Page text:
Practicals are a key component of teaching STEM disciplines in higher education. Adapting laboratory teaching to be flexible and inclusive of students at home, or socially distanced in the lab and limited in their ability to work together, is one of the more difficult challenges in these disciplines. Teams across the world and our academics in Trinity Term 2020 have produced numerous creative approaches to adapting undergraduate practicals. We distil some of the advice here to assist you in planning your practical sessions for the new academic year.
This is a complex topic and as advice on social distancing and lab-based PPE may change, we suggest adopting one approach to planning your practicals which would enable you to move easily between lab-based experimentation with data generated by students, or simulations and analysis of data supplied by tutors.
Laboratory practicals are part of a complex learning environment in which practical skills are learnt and practised and disciplinary theory and knowledge is understood through observation of experimental results. Practicals include learning the correct and safe use of scientific equipment, developing observational and experimental skills, and generating and collecting data.
A flexible and inclusive approach to learning practical skills (in the laboratory or at the bedside in clinical disciplines) can be achieved using instructional videos. These involve videoing and explaining an experimental technique or patient examination. There are several Oxford examples below: A clinical anatomy workshop, and a Biochemistry laboratory based practical. As the visual below demonstrates, instructional videos can be prepared in advance and shared with students before the practical, or they can replace the practical/patient examination if these cannot occur face to face. In any event, they are valuable aids to student learning, allowing students to view experimental procedures or examinations at any time.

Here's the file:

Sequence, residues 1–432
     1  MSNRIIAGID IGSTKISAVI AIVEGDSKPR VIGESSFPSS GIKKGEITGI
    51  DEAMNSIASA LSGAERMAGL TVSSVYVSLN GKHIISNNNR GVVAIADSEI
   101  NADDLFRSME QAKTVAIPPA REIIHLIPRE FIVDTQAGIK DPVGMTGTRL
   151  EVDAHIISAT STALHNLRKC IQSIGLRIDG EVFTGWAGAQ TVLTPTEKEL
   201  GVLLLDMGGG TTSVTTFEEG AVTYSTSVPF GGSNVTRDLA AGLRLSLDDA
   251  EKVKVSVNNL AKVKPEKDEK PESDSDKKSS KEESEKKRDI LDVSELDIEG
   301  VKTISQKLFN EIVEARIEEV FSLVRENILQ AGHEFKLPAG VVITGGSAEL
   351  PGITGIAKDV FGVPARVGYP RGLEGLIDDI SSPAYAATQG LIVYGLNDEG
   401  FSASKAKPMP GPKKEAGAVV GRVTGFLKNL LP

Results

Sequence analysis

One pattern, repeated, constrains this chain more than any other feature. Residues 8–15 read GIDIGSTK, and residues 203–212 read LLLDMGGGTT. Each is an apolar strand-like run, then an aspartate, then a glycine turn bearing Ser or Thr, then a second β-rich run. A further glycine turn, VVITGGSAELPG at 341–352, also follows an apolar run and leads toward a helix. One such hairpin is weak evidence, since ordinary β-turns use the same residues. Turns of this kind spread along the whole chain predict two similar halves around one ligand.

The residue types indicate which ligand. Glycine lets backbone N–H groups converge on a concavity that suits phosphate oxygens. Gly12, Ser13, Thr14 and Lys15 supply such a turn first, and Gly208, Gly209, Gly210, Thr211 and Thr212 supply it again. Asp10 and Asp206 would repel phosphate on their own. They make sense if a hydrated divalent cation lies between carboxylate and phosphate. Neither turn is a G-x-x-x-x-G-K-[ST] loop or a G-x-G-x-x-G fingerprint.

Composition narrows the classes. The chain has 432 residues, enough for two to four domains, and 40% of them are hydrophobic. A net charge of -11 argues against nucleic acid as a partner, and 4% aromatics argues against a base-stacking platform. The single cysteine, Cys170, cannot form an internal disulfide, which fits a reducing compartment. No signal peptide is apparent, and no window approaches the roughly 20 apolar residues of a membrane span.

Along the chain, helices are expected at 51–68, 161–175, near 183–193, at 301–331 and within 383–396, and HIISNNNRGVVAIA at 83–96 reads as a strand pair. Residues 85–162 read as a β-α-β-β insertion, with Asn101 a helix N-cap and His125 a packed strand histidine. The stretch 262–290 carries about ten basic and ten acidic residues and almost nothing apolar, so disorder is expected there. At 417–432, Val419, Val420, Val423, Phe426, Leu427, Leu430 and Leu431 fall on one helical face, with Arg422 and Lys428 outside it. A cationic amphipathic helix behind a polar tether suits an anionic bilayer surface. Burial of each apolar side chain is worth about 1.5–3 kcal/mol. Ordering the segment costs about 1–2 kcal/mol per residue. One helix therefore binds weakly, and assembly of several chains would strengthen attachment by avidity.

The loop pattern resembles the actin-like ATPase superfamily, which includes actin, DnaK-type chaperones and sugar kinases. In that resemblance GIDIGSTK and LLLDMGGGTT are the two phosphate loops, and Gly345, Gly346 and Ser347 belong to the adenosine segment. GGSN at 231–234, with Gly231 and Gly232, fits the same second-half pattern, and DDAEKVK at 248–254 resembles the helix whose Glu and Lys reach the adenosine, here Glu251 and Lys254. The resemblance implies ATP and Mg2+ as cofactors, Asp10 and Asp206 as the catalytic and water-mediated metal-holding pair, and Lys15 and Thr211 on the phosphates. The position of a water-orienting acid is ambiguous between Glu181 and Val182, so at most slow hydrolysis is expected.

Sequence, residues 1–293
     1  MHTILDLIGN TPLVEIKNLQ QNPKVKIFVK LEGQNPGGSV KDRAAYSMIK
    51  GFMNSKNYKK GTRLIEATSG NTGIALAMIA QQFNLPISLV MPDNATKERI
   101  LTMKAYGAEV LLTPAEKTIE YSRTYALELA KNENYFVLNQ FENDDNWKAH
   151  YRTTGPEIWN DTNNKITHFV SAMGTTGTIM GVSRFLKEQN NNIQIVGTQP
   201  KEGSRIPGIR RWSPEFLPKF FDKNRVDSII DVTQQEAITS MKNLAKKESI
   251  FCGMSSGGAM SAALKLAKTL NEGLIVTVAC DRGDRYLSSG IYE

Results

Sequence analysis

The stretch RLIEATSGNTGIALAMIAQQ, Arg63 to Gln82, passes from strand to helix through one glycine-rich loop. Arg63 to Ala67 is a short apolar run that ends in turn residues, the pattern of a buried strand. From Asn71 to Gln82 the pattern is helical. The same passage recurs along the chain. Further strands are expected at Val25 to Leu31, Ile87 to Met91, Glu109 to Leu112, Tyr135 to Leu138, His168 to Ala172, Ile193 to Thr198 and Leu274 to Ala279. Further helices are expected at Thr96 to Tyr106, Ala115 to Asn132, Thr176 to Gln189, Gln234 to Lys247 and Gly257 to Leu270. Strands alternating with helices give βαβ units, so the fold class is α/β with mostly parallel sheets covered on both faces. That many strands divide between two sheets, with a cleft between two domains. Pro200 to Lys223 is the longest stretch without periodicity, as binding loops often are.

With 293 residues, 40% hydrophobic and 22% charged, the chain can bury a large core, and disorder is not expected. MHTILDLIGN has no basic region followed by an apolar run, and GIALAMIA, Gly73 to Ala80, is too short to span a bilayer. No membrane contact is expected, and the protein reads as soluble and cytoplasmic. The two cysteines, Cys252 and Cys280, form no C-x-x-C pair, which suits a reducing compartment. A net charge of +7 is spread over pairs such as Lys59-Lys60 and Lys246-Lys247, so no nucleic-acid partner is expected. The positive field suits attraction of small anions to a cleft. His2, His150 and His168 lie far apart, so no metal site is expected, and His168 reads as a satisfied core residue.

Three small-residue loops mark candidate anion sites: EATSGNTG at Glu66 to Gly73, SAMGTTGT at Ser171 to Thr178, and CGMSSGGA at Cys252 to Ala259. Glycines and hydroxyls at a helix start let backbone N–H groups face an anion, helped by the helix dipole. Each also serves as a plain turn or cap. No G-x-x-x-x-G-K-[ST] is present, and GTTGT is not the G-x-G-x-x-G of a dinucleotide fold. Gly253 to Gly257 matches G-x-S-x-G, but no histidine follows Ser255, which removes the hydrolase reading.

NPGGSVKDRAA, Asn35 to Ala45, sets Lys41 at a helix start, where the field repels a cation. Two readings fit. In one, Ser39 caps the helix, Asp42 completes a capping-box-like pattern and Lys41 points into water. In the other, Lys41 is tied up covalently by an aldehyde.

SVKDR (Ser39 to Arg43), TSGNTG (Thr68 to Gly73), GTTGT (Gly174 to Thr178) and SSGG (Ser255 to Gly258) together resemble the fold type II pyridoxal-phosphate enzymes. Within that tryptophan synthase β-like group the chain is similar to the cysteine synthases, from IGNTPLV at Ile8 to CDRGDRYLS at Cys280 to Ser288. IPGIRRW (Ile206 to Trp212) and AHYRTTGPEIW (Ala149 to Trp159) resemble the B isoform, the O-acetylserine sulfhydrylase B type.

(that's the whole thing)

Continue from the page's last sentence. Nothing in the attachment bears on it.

Practicals often include ‘out of lab’ skills such as analysing, visualising and presenting data in different formats (reports, posters, presentations), understanding and applying good experimental design, and problem solving. If students cannot generate their own experimental data, these skills may be practised on data generated from previous experiments and shared in interactive forms to allow different simulations. Experimental design and problem-solving skills can be learnt and practised using real experimental data.
Canvas can be used for sharing practical instructional materials, videos and other resources for the laboratory in a structured manner.
Consider designing and filming instructional videos. A mobile phone or a small camera can be used to record experimental procedures. The video can be annotated and edited with simple video editing software such as Adobe Sparks before being uploaded to Canvas via Panopto.
Microsoft Teams allows you to schedule live meetings with video and screensharing.
Teams also provides functionality for sharing documents, and as it is part of Nexus Office365, these documents can be collaborated on by multiple people simultaneously. Working on one such document while in a Teams meeting can be an effective way of working.
The chat functionality in Teams also provides a useful less formal way of keeping in touch.
Many departments and faculties are reflecting upon how programmes are taught, what materials are assigned and how students are assessed. Academics and administrators who would like to consult with the CTL as they design flexible and inclusive programmes may contact us.
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